The Hawaiian-Philippine Company is the oldest operational sugar central in Silay City, Negros Occidental. It was established in 1918 and is currently owned by Jardine-Davis. Among its artifacts are steam locomotives used to transport sugar cane from the haciendas. These were supplied by the Baldwin Locomotive Works of Philadelphia and started operating in the 1920s. It is one of the last mills in the province that continues to use their steam locomotives until the present day.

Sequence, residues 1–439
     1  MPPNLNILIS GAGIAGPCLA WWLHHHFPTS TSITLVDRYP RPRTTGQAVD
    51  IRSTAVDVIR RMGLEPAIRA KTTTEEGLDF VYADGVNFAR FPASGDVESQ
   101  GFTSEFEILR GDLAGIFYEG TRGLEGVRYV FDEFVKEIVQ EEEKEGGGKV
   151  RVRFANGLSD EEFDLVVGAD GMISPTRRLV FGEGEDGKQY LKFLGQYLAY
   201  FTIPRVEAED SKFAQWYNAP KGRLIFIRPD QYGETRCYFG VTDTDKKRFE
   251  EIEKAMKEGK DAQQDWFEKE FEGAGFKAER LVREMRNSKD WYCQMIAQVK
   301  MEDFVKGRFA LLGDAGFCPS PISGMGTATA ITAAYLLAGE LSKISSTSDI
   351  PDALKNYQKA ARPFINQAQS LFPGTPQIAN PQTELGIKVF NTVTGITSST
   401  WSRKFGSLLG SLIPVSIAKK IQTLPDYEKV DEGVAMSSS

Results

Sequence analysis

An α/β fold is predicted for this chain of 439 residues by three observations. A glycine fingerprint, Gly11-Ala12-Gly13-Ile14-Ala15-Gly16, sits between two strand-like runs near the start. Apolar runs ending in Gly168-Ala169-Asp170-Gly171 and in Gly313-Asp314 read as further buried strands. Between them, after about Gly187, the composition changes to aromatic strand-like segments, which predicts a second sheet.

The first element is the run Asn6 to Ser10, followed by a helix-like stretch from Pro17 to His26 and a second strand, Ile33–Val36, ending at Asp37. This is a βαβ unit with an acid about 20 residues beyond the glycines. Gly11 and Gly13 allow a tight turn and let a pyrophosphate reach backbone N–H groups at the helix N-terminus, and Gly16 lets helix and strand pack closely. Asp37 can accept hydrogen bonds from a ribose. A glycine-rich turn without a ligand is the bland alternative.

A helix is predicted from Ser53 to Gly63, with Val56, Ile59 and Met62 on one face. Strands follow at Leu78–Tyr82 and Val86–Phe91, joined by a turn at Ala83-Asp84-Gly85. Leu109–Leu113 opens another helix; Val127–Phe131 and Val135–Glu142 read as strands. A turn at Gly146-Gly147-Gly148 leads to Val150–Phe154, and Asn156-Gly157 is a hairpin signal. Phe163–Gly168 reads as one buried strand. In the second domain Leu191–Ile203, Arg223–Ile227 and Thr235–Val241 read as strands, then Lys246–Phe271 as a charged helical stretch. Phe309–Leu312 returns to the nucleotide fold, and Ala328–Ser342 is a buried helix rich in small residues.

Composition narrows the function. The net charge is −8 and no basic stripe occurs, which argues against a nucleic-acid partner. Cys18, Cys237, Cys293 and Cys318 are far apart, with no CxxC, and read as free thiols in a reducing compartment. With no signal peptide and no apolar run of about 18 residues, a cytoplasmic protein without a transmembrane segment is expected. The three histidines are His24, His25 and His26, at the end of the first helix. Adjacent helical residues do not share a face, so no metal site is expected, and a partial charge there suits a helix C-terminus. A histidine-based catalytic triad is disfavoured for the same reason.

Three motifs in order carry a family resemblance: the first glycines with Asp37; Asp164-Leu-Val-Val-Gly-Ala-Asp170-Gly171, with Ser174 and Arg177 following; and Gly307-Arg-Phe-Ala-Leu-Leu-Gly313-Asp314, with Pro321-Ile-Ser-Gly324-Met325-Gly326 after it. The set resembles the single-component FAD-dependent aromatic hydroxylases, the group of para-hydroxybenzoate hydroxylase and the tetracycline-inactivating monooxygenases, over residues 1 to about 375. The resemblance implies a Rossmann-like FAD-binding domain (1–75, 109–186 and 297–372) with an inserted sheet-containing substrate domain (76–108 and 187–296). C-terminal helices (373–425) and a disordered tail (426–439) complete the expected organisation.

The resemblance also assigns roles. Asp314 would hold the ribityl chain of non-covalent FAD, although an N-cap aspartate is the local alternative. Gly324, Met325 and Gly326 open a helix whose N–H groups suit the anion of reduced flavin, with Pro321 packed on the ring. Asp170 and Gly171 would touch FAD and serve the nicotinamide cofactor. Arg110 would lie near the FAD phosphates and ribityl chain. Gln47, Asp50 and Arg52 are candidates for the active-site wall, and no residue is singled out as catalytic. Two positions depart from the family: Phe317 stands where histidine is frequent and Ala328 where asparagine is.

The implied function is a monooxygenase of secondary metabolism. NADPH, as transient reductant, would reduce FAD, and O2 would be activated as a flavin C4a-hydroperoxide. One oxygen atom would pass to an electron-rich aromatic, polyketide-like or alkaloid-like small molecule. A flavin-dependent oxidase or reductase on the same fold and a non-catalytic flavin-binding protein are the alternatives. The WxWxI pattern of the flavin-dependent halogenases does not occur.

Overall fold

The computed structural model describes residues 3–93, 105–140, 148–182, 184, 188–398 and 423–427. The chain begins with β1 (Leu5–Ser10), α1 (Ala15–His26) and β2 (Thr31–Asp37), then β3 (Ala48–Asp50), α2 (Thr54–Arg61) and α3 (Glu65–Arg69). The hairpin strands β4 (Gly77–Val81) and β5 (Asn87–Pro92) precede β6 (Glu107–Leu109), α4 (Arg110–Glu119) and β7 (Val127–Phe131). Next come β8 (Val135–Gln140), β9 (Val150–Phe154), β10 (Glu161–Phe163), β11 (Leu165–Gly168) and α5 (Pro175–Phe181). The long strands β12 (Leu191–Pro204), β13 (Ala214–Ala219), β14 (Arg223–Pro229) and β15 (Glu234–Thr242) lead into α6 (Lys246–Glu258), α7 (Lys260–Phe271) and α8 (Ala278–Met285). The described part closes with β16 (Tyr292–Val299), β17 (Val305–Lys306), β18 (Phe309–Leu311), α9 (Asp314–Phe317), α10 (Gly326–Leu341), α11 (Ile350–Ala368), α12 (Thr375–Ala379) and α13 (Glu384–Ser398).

It is also one of a few muscovado sugar producers left in the world, and still produces it the traditional way. Azúcar mascabado literally means low quality sugar, but is nutritionally richer than other brown sugars or refined sugar.